The role of sex steroid hormones against global warming in species with temperature-dependent sex determination

Lead Research Organisation: Queen Mary University of London


Global warming threatens over 400 species with temperature-dependent sex determination (TSD) worldwide including many reptiles such as sea turtles. During development, increasing temperatures affect the conversion of sex steroid hormones to produce only one sex and, in turn, dangerously bias populations' sex ratios. For example, in Cabo Verde, which holds the third largest aggregation of loggerhead turtles (Caretta caretta) in the world, an increase of 3C is predicted to result in >99% female neonates by 2100. If these predictions are correct this species will go extinct, and therefore we need a better physiological understanding of sex determination that can be applied to management strategies.

Since their first appearance in the fossil records 120 Mya, sea turtles have been exposed to large scale climatic changes. It is therefore likely they have evolved still undescribed physiological mechanisms that buffer against sex ratio bias driven by temperature variation. Importantly, these physiological changes may not keep up with the unprecedented pace of current global warming. But if they do, our models that predict the future are wrong, and hence we need to redirect limited resources, for instance in rethinking the main mitigation strategy of nest relocation.

In turtles, sex is mainly determined by the conversion of androgens (testosterone) to estrogens (estradiol) by the catalytic enzyme aromatase. At first, concentrations of these hormones originate from maternal transfer into the eggs. While this evolutionary mechanism may play a key role in priming the aromatase activity, its regulation by temperature and subsequent influence on sex ratios remains entirely unknown. Half way through embryogenesis, the embryo itself starts producing testosterone as well as the aromatase enzyme. This catalytic process is temperature-dependent, and whether temperature affects the concentration of testosterone, of aromatase or its catalytic efficiency remains to be established. It is, however, now possible to express the aromatase gene (CYP19A) into E. coli and implement in vitro tests to uncover the mechanisms of sex determination under a diverse range of controlled temperatures and maternal priming conditions.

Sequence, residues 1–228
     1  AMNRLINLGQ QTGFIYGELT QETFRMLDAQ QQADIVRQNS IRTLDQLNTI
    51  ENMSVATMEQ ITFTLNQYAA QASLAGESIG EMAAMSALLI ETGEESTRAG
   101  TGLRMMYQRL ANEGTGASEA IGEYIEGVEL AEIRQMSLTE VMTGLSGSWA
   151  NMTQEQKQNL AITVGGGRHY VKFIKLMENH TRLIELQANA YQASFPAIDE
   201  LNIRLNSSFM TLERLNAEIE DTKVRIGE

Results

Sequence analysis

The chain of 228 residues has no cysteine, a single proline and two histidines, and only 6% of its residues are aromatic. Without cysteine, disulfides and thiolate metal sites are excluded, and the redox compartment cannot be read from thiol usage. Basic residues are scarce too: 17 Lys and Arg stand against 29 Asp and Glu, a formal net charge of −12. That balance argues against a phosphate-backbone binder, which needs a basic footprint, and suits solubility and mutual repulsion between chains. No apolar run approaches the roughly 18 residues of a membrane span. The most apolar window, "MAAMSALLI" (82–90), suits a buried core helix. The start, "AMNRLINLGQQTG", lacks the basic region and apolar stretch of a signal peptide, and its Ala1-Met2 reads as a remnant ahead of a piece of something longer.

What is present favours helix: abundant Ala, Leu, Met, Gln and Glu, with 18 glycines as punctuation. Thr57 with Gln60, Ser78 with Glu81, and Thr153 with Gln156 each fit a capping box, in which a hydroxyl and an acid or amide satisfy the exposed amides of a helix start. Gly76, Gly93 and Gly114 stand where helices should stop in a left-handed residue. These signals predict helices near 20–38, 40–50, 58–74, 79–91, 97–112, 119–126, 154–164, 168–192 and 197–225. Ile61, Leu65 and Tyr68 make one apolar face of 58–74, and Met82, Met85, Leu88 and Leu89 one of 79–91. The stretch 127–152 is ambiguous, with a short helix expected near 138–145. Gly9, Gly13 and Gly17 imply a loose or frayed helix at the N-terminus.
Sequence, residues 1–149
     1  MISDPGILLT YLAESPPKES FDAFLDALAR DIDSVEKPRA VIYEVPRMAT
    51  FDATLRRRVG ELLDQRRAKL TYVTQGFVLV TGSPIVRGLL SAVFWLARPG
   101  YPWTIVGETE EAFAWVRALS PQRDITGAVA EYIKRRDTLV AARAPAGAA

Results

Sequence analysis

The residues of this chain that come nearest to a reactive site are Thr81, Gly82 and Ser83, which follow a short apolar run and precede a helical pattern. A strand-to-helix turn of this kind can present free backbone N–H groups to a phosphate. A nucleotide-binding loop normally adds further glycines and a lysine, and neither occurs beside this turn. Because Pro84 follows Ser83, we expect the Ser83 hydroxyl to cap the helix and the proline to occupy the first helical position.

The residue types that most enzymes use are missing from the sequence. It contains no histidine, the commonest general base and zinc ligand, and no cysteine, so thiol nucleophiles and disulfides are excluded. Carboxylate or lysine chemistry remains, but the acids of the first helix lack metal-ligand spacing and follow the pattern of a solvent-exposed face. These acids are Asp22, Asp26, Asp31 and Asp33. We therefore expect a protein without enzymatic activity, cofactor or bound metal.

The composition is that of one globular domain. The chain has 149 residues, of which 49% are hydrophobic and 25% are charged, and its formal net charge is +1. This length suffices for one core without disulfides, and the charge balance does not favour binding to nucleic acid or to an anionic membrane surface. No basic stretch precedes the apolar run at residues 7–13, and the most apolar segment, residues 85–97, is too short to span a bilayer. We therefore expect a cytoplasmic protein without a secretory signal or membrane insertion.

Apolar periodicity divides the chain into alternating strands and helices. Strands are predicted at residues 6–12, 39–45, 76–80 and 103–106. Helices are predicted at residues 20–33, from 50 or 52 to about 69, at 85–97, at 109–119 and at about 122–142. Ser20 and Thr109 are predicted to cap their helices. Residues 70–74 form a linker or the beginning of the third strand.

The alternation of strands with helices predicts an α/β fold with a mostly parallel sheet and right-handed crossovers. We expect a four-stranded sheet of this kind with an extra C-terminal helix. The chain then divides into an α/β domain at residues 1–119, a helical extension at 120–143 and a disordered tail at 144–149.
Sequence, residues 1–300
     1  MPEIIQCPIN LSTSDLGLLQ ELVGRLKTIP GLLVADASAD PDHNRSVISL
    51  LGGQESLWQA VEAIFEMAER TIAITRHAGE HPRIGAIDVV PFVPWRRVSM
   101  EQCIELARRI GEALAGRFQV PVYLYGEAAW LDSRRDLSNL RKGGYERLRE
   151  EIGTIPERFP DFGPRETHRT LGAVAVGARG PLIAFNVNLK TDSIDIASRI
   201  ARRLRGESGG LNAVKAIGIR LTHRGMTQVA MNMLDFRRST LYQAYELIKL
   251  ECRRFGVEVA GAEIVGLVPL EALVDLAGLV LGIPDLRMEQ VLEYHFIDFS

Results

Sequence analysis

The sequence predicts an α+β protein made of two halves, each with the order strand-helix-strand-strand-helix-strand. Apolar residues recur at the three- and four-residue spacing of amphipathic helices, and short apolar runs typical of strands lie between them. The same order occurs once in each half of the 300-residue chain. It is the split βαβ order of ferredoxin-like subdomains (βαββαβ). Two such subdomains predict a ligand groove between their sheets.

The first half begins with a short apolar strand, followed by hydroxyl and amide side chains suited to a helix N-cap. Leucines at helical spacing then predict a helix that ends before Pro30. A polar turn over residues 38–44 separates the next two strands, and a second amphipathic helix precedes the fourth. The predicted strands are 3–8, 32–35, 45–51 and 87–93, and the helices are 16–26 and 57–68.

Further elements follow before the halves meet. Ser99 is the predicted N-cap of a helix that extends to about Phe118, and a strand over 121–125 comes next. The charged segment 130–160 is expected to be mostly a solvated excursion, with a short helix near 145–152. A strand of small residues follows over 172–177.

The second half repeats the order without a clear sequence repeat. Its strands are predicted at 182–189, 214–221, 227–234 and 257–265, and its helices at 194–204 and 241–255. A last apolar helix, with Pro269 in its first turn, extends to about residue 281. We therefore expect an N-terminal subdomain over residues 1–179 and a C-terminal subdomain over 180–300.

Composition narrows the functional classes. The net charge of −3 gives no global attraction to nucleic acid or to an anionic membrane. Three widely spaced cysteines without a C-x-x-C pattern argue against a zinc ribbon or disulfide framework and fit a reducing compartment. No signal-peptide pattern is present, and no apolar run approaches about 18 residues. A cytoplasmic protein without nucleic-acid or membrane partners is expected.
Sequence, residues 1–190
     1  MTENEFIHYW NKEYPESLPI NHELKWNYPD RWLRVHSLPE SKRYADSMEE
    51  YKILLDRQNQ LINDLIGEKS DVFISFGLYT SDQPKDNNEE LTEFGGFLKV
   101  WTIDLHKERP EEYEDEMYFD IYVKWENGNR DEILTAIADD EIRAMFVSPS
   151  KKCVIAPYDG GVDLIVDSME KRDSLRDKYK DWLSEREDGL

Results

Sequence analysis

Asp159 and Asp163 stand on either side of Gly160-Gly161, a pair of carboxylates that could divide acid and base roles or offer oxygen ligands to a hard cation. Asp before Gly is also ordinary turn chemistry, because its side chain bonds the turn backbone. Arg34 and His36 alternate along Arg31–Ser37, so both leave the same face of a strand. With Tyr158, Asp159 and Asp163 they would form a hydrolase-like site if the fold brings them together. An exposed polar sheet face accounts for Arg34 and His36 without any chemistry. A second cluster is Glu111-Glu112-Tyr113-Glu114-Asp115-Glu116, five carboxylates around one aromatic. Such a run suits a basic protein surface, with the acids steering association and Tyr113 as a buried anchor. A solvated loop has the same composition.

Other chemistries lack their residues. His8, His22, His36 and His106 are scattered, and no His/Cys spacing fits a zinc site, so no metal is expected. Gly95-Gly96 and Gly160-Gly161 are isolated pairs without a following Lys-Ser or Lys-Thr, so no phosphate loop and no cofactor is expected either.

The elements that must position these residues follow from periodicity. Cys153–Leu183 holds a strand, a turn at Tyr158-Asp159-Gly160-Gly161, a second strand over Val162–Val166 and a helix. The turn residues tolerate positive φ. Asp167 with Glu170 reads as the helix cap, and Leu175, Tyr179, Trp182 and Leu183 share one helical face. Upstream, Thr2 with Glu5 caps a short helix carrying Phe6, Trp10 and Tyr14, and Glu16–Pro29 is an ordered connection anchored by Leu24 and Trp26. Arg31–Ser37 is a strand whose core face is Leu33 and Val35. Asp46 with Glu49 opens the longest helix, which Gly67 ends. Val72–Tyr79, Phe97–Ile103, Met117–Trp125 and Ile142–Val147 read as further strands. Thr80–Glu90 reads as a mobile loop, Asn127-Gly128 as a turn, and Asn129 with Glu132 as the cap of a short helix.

Until now, sex of neonates, and therefore sex ratios, could not be determined non-lethally, limiting the study of the in vivo physiological mechanisms underlying sex determination in endangered sea turtles. In a recent pre-print, we introduced a new method based on the quantification of testosterone and estradiol from a blood drop to determine the sex of turtle neonates without killing them. Here, we will exploit this method to test how temperature-dependent maternal hormone transfer into the eggs provides the substrates to be catalysed by the aromatase during development. We hypothesize this physiological mechanism, combined with incubation temperatures, forms the process that adjusts sex ratio against the risks of population extinction driven by globally increasing temperatures. We will use these new insights to design predictive models and test the effect of mitigation strategies such as nest relocation at different temperatures into hatcheries.